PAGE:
“To Brasilia we sent more because they had more needs, including for the first aid tent. We took donations to send money to buy medicine, water and such. But there was a moment when we noticed people were tired of donating, so we came up with this idea of creating the GoFundMe to reach other communities, not just Brazilians, but also Americans and Canadians,” Heath said.
Heath said she doesn’t have an estimate of the total number of CCB-USA members, but claims there are groups in Connecticut, New York, New Jersey, Florida and Washington, who all stay in touch.
Gaining Ground, Gaining Representation
As of 2021, Brazilians made up between 0.7% and 1.3% of all U.S. immigrants, according to the Migration Policy Institute and US Census estimates. While relatively small compared to groups from other countries, the Brazilian immigrant population in the U.S. grew by about 48% between 2010 and 2019, according to the institute. At the same time, Brazilian American representation in U.S. politics has increased in the past seven years at the local, state and federal levels.
In 2016, Carlos A.F. da Silva was elected to the Higham, Massachusetts school committee. According to a Brazilian American newspaper, da Silva was the first Brazilian immigrant elected to public office in the U.S.
A year later, Margareth Shepard was elected to city council in Framingham, Massachusetts, and was celebrated by Brazilian media as the first Brazilian American to hold that post.
Then, in 2018, Alice Mann was elected state representative in Minnesota.
All in all, Feet in 2 Worlds found records of 12 Brazilian Americans elected to office in recent years.
There are currently five Brazilian Americans serving as state representatives: Priscila Sousa, Rita Mendes and Danillo Sena in Massachusetts, Farley Santos in Connecticut and Alice Mann in Minnesota.
Perhaps the most prominent Brazilian American in politics today is Republican Representative George Santos, son of Brazilian immigrants who was elected to Congress from New York last year. Santos has been charged with fraud in a 13-count U.S. federal indictment and recently confessed to stealing checks in a deal with Brazilian authorities to drop criminal charges. He remains under intense scrutiny after he allegedly fabricated numerous aspects of his personal and professional history, and is currently under investigation by an U.S. House of Representatives Ethics Committee.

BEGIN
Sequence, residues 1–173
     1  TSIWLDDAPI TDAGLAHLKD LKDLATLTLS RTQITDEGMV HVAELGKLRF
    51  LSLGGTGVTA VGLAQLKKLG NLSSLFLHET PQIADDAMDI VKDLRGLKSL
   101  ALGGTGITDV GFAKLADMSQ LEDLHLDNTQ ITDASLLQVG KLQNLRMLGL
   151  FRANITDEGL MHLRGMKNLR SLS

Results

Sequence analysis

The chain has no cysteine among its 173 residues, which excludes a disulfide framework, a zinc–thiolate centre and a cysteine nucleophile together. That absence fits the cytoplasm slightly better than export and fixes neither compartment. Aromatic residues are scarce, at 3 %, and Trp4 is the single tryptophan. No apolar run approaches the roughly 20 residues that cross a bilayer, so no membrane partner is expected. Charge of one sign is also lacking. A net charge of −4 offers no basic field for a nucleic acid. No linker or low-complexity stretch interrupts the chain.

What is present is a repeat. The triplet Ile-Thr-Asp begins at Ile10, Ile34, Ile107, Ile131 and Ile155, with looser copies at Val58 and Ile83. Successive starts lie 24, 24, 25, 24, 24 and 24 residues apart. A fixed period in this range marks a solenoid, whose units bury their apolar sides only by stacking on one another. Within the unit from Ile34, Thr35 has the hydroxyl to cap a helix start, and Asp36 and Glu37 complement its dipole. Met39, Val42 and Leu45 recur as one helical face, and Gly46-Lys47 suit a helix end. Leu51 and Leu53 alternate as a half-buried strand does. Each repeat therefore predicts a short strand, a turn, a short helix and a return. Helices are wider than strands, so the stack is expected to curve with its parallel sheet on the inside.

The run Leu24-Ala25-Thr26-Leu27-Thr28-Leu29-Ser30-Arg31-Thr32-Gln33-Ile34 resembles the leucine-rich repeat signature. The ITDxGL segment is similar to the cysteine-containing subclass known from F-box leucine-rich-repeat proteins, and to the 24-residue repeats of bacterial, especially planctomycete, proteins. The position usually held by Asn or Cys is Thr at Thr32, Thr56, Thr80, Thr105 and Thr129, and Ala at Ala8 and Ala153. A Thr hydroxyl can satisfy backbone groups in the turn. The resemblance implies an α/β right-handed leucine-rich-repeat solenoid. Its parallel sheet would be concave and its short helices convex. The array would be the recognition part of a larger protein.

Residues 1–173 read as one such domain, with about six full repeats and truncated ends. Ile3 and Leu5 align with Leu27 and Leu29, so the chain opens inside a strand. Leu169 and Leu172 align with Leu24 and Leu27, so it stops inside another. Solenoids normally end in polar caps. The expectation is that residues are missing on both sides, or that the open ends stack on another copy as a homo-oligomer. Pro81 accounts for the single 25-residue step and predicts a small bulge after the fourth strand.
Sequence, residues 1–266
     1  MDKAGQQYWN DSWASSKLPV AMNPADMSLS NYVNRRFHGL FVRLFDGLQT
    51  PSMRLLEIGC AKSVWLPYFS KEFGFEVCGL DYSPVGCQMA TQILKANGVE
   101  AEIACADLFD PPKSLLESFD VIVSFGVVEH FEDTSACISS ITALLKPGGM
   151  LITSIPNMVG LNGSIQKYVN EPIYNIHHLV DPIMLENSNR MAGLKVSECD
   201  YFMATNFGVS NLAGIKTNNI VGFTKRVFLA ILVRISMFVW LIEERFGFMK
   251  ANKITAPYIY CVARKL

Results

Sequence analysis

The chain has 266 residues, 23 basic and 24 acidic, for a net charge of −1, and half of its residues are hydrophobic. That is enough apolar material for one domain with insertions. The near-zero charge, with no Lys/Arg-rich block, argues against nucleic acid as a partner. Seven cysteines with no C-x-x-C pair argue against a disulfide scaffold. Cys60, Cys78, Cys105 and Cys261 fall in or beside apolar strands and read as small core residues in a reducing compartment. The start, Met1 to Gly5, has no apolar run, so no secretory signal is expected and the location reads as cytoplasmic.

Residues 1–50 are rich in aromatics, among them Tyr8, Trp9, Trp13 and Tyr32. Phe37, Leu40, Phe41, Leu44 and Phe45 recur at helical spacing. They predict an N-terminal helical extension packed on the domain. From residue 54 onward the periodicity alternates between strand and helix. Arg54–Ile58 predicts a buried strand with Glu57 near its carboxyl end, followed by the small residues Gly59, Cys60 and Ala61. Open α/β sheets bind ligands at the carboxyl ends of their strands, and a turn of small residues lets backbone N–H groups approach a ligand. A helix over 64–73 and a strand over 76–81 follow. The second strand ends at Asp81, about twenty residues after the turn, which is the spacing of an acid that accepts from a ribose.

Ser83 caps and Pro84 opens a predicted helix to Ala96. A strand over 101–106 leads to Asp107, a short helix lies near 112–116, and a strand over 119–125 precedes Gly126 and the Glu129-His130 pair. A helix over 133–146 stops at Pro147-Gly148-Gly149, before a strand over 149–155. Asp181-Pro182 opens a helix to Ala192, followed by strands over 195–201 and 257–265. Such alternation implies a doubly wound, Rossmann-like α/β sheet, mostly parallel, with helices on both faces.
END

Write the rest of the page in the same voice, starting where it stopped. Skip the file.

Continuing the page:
From the Center to the Right
To Alvaro de Castro e Lima, founder and president of Instituto Diáspora, support for Bolsonaro among Brazilians in the U.S. is connected to the lack of a single candidate that centrist voters could support in elections caused by the fading influence of a center-left Brazilian party, PSDB (the Brazilian Social Democratic Party). When given a choice between the right and Lula da Silva from the PT (Workers Party) on the left, Lima said, voters living abroad who traditionally have supported moderate PSDB candidates, chose the right.
In 2018, Bolsonaro ran against Fernando Haddad, a left-leaning candidate. Among Brazilians living in the U.S., 82% voted for Bolsonaro, according to the institute’s data.
In the 2022 election, Bolsonaro lost some of his support in the U.S., receiving 65% of the votes, while Lula da Silva, the current president, received 35% according to the institute’s data. Lula da Silva narrowly won the election with about 51% of the total vote [in Brazil and abroad], compared to about 49% for Bolsonaro.
To Carlos Borges, CEO of the Focus Brazil Foundation, a U.S.-based cultural organization, Bolsonaro intensified political polarization in Brazil, and, consequently, in the Brazilian community in the U.S., giving ground to radical groups on the fringes.
“[Bolsonaro] gave, here in the U.S., the freedom for the community to present themselves as conservative, bringing up topics which, until then, weren’t [publicly] discussed,” Borges said. “Until then, nobody was beating their chest, proudly identifying as a patriot, and associating patriotism with all the radical ideas that have always been symbols of Bolsonarism.”
Where Brazilians and American Conservatives Meet
Many of the values and positions endorsed by Brazilian conservative groups in the U.S. are similar to those of the American right. They oppose abortion and gender-and-sexuality education in schools, defend citizens’ right to carry guns, question the integrity of their electoral systems, and attack mainstream media as dishonest.
In June of 2022, CCB-USA and Yes Brazil USA separately organized two Brazilian conservative conferences in the U.S.: The Brazilian Conservative Congress in Framingham, Massachusetts, and the 1º Congresso Conservador Brasileiro da Flórida (First Brazilian Conservative Congress of Florida) in Orlando and Margate.
On their Facebook page, CCB-USA said the conference included talks about “agribusiness in Brazil and how it is demonized by the left”, “the truth as a weapon in the narratives war” and “the impact of legislative uncertainty on the business sector” .
Yes Brazil USA leaders said on Facebook their conference would allow participants to know how they can help Brazil while living in the U.S., and on an Eventbrite description, they said the purpose of the conference was to “align ideas and promote networking among people who want what is best for [Brazil].”